It’s important that you always tell the truth, and to let your prosecutor know if you have any concerns or questions about any aspect of giving evidence.

  • Remember: Read over your statement before any conference and think about questions you might want to ask the prosecutor. 
Giving evidence

When it is your turn to give evidence, a court officer or prosecutor will invite you into the courtroom and take you into the witness box. A court officer will then ask you to take either an oath or an affirmation.

Both oaths and affirmations are types of promises, and in court you use them to promise that you will be truthful in the evidence you provide to the court. An oath is a religious promise, where a person puts their hand on a holy book (such as the Bible or Koran), while an affirmation is a promise to tell the truth without being religious.

The court takes both oaths and affirmations seriously, so it’s up to you which type of promise you decide to make. You will need to tell the court officer which you would prefer so they can give you the right words to say. 

The court will generally have religious books such as the Bible, Koran and Torah available, but it’s best to tell your prosecutor in advance so they can make sure the court has the one you need.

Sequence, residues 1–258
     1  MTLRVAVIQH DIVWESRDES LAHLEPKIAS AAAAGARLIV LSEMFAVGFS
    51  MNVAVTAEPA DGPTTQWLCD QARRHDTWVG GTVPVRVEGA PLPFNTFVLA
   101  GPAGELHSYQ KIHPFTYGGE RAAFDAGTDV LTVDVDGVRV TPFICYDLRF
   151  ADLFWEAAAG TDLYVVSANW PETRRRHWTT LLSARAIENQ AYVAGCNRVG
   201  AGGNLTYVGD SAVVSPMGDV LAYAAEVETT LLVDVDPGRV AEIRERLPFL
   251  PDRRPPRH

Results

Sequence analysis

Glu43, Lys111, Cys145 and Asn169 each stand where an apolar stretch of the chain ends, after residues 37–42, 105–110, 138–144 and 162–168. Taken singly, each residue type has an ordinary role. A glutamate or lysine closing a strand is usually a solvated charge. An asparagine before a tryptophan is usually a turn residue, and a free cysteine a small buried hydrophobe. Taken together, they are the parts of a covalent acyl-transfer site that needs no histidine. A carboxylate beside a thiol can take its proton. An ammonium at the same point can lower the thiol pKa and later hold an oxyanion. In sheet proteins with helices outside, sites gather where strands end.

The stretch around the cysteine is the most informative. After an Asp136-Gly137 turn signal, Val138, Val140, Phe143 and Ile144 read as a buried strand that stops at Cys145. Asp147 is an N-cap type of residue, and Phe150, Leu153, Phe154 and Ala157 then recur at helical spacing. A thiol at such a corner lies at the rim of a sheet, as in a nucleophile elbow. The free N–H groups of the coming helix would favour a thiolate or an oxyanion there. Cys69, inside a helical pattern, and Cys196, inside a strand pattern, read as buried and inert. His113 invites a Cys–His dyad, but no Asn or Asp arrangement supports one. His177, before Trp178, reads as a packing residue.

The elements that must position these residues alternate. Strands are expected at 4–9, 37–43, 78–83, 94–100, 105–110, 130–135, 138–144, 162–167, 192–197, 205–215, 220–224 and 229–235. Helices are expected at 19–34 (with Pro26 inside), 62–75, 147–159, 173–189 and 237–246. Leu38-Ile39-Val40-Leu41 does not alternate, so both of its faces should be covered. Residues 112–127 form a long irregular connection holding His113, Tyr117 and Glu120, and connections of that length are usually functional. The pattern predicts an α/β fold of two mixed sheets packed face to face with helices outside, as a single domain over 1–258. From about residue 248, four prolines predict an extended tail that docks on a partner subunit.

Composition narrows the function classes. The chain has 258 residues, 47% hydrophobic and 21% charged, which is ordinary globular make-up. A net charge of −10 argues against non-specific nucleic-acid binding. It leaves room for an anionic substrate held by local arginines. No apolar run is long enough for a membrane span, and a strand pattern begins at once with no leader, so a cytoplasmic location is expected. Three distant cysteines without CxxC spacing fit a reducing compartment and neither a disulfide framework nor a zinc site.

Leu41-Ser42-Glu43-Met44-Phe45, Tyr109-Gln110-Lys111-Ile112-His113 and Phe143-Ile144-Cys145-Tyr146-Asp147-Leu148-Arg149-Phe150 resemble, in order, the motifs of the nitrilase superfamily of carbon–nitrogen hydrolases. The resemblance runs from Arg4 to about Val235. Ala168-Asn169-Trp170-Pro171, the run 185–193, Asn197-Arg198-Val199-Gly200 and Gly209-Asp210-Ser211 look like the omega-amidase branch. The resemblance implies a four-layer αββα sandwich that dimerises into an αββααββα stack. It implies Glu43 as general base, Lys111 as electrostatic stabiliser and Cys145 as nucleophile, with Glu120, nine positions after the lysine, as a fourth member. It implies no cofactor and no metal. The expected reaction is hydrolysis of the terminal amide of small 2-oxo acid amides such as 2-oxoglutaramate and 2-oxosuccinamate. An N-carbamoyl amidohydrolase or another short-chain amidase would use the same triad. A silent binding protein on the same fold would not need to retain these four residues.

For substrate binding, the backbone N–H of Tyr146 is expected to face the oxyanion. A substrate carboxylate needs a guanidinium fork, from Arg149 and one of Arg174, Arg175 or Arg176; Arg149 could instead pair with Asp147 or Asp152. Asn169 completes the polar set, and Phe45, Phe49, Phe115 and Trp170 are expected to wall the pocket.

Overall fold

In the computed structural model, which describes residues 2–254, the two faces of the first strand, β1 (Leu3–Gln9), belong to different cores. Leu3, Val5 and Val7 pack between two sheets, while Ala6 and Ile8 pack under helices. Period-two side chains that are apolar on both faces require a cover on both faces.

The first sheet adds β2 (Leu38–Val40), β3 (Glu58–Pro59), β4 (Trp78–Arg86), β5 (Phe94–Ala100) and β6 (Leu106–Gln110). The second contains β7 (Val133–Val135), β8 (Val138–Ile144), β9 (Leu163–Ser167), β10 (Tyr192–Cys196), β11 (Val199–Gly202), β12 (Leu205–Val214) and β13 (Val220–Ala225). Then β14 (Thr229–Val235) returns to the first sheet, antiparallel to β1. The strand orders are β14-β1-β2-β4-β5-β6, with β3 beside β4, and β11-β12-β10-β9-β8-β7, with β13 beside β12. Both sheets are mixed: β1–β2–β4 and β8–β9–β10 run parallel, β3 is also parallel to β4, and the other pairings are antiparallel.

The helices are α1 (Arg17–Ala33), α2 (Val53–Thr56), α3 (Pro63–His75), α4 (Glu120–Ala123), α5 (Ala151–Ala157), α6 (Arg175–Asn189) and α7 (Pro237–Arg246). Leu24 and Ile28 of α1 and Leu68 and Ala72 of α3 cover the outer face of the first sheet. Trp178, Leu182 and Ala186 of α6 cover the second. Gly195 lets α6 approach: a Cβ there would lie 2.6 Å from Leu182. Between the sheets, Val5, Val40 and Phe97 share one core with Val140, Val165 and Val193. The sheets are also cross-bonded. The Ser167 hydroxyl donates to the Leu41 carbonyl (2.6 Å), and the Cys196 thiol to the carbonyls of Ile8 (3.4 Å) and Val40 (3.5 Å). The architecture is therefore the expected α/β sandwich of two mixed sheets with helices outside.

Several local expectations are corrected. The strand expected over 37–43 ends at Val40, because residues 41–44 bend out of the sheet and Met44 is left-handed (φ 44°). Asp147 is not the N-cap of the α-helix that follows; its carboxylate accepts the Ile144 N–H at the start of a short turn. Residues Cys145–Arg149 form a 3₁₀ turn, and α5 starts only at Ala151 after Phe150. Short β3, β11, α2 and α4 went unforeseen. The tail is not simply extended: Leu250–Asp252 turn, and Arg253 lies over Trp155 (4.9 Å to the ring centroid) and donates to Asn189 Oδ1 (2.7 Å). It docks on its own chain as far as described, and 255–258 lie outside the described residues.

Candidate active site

Answering questions

When you give evidence in court, you will usually be asked questions by both the prosecutor and the defendant’s lawyer.

Generally the prosecutor will ask questions first. Then the defendant’s lawyer has the opportunity to ask you further questions and clarify the answers you gave to the prosecutor. This is called cross-examination.

After the defence has finished questioning you, the prosecutor may ask you some further questions. The judge or magistrate may ask you questions at any time during your evidence.

Remember: When giving evidence, your job is to answer the questions asked of you truthfully and to the best of your knowledge.

Tips for giving evidence

  • Listen carefully to the questions and make sure you understand what is being asked before you answer.